from django.shortcuts import render

from tweepy import OAuthHandler

from tweepy import API

from tweepy import Cursor

from datetime import datetime, date, time, timedelta

from collections import Counter

from django.http import HttpResponse

from . models import Tweets

Initializing Tweepy

Copy and paste the code below in the views.py file and provide your real keys to initialize Tweepy.

consumer_key="api_key"

consumer_secret="api_secret_key"

access_token="access_token"

access_token_secret="access_token_secret"

auth = OAuthHandler(consumer_key, consumer_secret)

auth.set_access_token(access_token, access_token_secret)

auth_api = API(auth,wait_on_rate_limit=True)

We also need to create a list of the usernames of all celebrities whose tweets we want to analyze, as seen in the code below.

username=["Cristiano","BarackObama","rihanna","TheRock"]

Creating the Index View

Copy and paste the python code below in the views.py file to build the index view. This view is triggered by loading the application in the browser:

def index(request):

    tweet_count = 0

    for i in username:

        try:

            for status in Cursor(auth_api.user_timeline, id=i).items():

                tweet_count = tweet_count + 1

                if status.created_at.year == 2021 and status.created_at.month == 5:

                    tweets_save= Tweets.objects.create(username=i,tweet_number=tweet_count,created_at=status.created_at.day,time=status.created_at.hour,retweet_count=status.retweet_count)

                    tweets_save.save()

        except:

            pass

    return HttpResponse('<h1>Loaded Tweets Data</h1>')

In the code above, we are making a request to the Twitter API using Tweepy to retrieve all the user’s tweets. We are now running a loop through the user’s tweets to check for all the tweets made in May 2021. Finally, we will save all the tweets and the number of times the user’s followers retweeted them to the database. The applications will then send an HttpResponse “Loaded Tweets Data”  to the application when run.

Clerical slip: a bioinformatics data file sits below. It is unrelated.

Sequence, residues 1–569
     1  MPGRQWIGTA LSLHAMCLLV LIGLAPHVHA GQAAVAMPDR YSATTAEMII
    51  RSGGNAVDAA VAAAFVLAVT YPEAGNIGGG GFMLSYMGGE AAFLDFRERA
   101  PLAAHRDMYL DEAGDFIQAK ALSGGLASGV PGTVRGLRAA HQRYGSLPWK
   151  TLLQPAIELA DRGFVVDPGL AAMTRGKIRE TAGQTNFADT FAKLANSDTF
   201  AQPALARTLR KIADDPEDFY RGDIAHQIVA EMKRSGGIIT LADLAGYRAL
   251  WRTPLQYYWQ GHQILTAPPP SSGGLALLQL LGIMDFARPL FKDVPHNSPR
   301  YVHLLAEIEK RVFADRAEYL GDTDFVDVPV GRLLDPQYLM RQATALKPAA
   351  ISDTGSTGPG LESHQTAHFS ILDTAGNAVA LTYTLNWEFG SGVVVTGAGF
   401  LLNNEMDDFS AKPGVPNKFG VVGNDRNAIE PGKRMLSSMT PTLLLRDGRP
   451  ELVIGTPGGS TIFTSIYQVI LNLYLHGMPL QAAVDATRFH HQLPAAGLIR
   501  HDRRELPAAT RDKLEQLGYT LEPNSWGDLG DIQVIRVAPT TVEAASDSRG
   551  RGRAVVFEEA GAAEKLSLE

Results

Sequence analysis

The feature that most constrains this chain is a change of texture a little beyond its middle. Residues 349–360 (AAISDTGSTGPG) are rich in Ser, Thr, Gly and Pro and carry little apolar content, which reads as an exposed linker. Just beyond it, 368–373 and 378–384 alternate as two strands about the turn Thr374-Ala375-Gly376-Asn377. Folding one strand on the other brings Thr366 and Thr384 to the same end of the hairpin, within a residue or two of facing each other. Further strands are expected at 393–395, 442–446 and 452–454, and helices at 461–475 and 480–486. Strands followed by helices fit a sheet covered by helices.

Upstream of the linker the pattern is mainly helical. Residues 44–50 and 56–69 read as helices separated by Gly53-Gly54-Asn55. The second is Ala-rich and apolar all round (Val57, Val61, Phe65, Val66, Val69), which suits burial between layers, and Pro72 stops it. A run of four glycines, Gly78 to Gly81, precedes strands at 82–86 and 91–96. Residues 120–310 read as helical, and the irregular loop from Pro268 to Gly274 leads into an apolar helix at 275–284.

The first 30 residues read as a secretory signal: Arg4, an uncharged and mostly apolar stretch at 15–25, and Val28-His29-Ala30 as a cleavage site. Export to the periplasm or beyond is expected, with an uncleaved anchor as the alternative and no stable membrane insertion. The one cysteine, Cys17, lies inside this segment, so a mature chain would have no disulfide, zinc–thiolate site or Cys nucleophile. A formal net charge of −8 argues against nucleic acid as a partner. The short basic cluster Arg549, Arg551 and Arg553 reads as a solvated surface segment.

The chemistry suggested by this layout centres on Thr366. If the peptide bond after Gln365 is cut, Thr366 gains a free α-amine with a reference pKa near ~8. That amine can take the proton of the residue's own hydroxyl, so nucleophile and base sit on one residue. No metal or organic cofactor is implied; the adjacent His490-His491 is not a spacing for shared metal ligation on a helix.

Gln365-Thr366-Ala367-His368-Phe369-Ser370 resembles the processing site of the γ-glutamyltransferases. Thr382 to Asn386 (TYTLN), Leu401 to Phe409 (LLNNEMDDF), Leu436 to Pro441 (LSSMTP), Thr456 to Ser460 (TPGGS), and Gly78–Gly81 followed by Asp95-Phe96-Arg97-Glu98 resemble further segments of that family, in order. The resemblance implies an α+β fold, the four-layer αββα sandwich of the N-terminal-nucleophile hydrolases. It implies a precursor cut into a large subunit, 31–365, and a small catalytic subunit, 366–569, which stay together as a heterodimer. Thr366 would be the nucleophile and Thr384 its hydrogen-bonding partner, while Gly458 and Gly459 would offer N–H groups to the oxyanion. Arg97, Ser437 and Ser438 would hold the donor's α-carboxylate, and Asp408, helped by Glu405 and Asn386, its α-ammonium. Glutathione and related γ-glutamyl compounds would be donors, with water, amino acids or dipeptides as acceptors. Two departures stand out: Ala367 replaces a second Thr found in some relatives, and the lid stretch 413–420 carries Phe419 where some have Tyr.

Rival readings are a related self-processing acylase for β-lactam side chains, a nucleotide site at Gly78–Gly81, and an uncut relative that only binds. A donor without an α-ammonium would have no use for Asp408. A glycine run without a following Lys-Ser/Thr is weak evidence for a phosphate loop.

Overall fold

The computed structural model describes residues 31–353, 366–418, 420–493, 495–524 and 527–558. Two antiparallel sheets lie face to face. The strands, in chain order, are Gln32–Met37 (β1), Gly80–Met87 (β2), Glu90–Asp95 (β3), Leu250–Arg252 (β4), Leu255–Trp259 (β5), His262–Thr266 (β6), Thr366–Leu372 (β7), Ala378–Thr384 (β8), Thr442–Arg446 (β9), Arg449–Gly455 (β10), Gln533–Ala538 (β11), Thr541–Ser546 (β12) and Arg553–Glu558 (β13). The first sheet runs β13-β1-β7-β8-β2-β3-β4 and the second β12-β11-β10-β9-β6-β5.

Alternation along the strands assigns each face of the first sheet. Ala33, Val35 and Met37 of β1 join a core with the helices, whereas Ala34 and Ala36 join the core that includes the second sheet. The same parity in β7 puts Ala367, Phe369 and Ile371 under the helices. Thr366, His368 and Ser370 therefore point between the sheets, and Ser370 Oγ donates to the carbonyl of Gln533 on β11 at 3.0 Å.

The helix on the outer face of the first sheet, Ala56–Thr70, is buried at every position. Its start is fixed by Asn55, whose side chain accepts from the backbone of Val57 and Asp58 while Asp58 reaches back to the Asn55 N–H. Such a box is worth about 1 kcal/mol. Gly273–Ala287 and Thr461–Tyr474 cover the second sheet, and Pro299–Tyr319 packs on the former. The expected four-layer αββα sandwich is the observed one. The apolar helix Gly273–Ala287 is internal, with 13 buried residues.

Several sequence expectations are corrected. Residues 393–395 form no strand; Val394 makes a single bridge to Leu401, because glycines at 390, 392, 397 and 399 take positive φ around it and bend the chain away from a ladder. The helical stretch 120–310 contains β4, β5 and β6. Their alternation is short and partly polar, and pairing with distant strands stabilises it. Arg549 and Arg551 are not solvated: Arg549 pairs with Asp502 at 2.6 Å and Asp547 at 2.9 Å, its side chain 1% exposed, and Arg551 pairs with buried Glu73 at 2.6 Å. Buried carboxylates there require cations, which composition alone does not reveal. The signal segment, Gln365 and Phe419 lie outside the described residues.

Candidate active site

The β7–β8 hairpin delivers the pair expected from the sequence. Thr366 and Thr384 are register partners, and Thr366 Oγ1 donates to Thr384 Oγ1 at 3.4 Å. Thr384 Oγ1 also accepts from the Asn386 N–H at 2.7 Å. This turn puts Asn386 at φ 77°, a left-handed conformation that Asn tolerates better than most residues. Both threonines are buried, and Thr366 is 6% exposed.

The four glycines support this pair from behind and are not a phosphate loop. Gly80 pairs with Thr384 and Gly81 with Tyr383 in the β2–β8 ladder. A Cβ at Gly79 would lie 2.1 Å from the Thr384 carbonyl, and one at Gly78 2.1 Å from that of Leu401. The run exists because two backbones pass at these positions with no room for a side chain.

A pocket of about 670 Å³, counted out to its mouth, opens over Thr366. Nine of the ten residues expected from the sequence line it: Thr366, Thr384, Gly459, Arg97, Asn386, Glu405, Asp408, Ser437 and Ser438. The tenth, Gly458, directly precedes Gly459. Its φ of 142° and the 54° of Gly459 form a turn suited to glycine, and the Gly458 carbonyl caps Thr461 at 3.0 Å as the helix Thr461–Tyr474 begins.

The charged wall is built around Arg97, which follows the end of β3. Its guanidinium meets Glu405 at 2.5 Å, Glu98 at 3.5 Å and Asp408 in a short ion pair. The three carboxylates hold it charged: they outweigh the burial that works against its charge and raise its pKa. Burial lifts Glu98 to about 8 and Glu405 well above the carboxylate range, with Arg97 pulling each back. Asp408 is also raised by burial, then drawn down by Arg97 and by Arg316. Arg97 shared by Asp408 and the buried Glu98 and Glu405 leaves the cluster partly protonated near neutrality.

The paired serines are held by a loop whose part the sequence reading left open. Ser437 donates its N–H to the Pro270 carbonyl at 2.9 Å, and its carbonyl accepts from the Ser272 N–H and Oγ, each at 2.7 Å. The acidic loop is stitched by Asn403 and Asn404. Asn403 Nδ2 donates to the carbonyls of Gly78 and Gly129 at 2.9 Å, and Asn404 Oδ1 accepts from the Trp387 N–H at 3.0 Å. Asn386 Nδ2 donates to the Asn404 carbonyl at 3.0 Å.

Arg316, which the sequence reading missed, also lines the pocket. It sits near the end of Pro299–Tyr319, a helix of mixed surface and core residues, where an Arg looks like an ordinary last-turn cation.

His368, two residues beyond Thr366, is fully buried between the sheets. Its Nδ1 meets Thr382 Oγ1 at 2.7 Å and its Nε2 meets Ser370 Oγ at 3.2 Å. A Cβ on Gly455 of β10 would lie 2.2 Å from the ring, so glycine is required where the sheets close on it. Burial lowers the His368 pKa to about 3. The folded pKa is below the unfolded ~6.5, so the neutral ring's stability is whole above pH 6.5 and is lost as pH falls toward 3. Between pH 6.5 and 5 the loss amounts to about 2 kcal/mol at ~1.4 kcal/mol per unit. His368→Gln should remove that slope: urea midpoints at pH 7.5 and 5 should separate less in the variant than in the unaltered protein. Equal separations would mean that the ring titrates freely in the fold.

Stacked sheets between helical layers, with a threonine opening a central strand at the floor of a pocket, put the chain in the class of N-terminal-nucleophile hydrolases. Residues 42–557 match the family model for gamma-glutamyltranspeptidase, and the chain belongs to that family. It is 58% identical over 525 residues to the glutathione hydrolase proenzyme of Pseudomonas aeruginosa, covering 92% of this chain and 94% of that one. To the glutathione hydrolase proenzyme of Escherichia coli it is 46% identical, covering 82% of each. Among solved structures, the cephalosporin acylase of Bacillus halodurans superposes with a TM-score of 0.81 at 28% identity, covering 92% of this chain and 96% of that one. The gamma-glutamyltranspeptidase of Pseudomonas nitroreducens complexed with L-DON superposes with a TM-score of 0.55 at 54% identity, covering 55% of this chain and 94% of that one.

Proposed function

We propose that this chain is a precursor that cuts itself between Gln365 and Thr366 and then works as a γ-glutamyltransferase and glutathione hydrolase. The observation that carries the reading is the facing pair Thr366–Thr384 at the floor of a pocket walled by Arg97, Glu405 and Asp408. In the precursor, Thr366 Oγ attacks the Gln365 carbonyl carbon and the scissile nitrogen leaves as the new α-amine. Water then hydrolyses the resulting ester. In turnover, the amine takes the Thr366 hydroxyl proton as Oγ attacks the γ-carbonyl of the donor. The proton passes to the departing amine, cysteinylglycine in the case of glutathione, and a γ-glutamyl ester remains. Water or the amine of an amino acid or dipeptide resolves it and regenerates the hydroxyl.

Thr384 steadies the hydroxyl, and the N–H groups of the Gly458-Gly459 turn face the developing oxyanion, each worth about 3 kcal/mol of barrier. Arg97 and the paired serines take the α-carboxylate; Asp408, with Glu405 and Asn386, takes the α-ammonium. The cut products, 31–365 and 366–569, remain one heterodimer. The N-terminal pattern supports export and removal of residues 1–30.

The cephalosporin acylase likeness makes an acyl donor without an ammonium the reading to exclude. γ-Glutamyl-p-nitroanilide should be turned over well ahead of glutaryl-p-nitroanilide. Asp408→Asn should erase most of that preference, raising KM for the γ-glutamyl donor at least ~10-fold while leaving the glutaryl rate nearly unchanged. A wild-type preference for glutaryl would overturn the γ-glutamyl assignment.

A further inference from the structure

To run your application, copy and paste the below commands in your command line’s project directory:

#running the application

python manage.py runserver

If the application is running, you should see the result as seen below.

Go to http://127.0.0.1:8000 to view the running application and trigger the index view to save all the tweet data in the database.

Connecting Arctype to a MySQL Database

To make use of Arctype, we need to connect our database and set up a workspace. To do this, follow the instructions below.

Step 1

Open Arctype, click on “I have an existing database”, and select your database type. For this tutorial, we are using MySQL.

Step 2

Provide the required information for the database and click Save.

Step 3

You should now see the database in Arctype. Next, go to the Tweets table. You should have something similar to the image below.

Compare Retweets between Accounts Using MySQL

We currently have multiple tweet data for May in the year 2021 saved in the Tweet table. To make a heat map of the data, we need to sum up the retweet count for the tweets created each day in the month of may and group all the tweets that the user’s followers retweeted by the date and username.  In addition, because Barack Obama and Rihanna are two of the most-followed people on Twitter, we should factor in the size of each account's following to get a clearer picture in our data.

To achieve this, click on the new query button, then save and run the SQL query below:

SELECT

  username,

  (

    CASE

      WHEN (username = 'rihanna') 

              THEN (SUM(retweet_count) / 102300000 * 100)

      WHEN (username = 'BarackObama') 

              THEN (SUM(retweet_count) / 129600000 * 100)

      WHEN (username = 'TheRock') 

              THEN (SUM(retweet_count) / 15200000 * 100)

      WHEN (username = 'Cristiano') 

              THEN (SUM(retweet_count) / 92400000 * 100)

    END

  ) AS tweet_heat,

  CONCAT('May ', created_at)

FROM

  app_tweets

GROUP BY

  created_at,

  username

ORDER BY

  created_at ASC

Running the code above will provide you with data, as seen in the image below.

Build a Twitter Heat Map Chart in Arctype

To create a heat map chart for the tweet data above, follow the instructions below:

Create a New Arctype Dashboard